Goderich Ontario – The Salt of the Earth

March 5, 2017
Goderich Ontario

Known as “The Prettiest Town in Canada,” Goderich, Ontario, is located on the eastern shore of Lake Huron at the mouth of the Maitland River. It was founded as a port town by William “Tiger” Dunlop, a Canadian army officer, surgeon, author, and politician, in 1827, and named after Frederick John Robinson, 1st Viscount Goderich, who was Britain’s Prime Minister at the time. The town was officially incorporated in 1850.

Today, Goderich is the largest port on the east side of the Lake, servicing approximately 250 vessels a year that mostly carry rock salt from the Sifto Salt Mine, the largest operating salt mine in the world, to destinations west in Michigan, south in Ohio, and north to parts of Ontario. Salt was first discovered in Goderich in 1866 by Sam Platt, the owner of a flour mill, who originally had set out to discover oil. Platt’s find, the first recorded salt bed in North America, set off a regional salt rush. By late 1867, twelve independent salt wells dotted the Maitland River Valley across Goderich Harbor and Lake Huron.

In 1959, Sifto Canada constructed its first mine shaft, some 1,800 feet beneath the surface of the earth, with tunnels extending over four miles under Lake Huron. A second shaft became operational in 1968 and a third shaft was added in 1983. Each year, some 600 workers extract approximately 7.5 million metric tons of food-grade salt from the mine, used for table salt, animal licks, water softeners, and swimming pool sanitizers, as well as deicing salt which is bagged and sold to help make North America’s winter roads safer. The company pays the province about $16,000 a year, plus royalties, for a mineral lease that expires in 2022. Parent company, Compass Minerals, a public firm based in Kansas, USA, predicts another 120 years of salt mining in Goderich.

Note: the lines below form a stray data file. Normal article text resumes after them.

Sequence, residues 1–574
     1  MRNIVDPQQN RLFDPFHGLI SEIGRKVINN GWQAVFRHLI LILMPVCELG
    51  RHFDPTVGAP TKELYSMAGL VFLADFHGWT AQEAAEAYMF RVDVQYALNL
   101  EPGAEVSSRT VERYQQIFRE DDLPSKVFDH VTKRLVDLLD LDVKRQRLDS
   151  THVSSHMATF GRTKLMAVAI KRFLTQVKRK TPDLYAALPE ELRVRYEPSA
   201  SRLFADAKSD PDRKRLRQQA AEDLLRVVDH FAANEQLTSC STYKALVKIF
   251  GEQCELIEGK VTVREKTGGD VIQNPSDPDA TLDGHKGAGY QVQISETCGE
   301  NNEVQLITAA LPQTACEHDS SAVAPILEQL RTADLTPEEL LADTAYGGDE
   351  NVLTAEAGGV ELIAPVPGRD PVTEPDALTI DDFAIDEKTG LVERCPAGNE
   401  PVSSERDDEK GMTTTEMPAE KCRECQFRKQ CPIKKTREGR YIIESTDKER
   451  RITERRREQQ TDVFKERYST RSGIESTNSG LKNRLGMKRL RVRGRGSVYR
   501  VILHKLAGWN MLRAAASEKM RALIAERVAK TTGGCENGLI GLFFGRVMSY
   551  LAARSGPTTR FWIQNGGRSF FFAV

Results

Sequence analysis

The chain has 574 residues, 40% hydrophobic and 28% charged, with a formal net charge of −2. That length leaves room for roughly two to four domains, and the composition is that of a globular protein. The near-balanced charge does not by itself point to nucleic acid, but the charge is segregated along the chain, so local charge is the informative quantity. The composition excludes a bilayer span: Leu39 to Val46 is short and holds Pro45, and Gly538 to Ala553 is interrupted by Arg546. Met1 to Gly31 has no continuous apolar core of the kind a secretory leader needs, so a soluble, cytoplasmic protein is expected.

In 1999, the Town bought the port from the federal government under a divestiture program, and began a $29 million infrastructure project to rebuild its break walls, river wall, and piers. That project was completed in 2015 and according to Larry McCabe, Goderich’s Chief Administrative Officer, was accomplished without the use of tax dollars. “The user fees were lowered during this process once the town bought the port, but there were still sufficient dockage and wharfage fees, each year, to product a $29 million infrastructure program.”

“We are now proceeding with a $16 million infilling program which will be completed in 2018,” McCabe adds. “That will create about four or five acres of new land and we hope to build on that in the future. There are no tax dollars in that, either; it’s user fees from Compass Minerals and Parrish & Heimbecker (a Canadian grain company) and some other users in the port. That’s the biggest infrastructure program over the last number of years and going on till the next two or three years.”

Chip Wilson is Goderich’s Director of Operations. He outlines some other recent and ongoing infrastructure projects in town: “We just opened up another phase of our industrial land, which now has created approximately 26 more acres,” he reports. “The town put in our own stormwater management because we’ve always found that if you don’t get those plans developed, you’re missing out on a potential opportunity. Developers coming in don’t want to see just open fields; they want to see something that has infrastructure.”

Another project, just underway, is the potential of approximately 300 new homes that can be built on 200 acres of land that was recently boundary-adjusted into the town. “The developer, Fusion Homes, is currently going through the design phases with our engineer and their engineer to get all the infrastructure ready, and they want to proceed in the near future,” says Wilson. “Also, the town just went through a waterfront master plan and over the next two to three years, we’re going to be implementing some of the ideas that came out of public workshops, for re-doing our waterfront. So those are a couple of major projects.”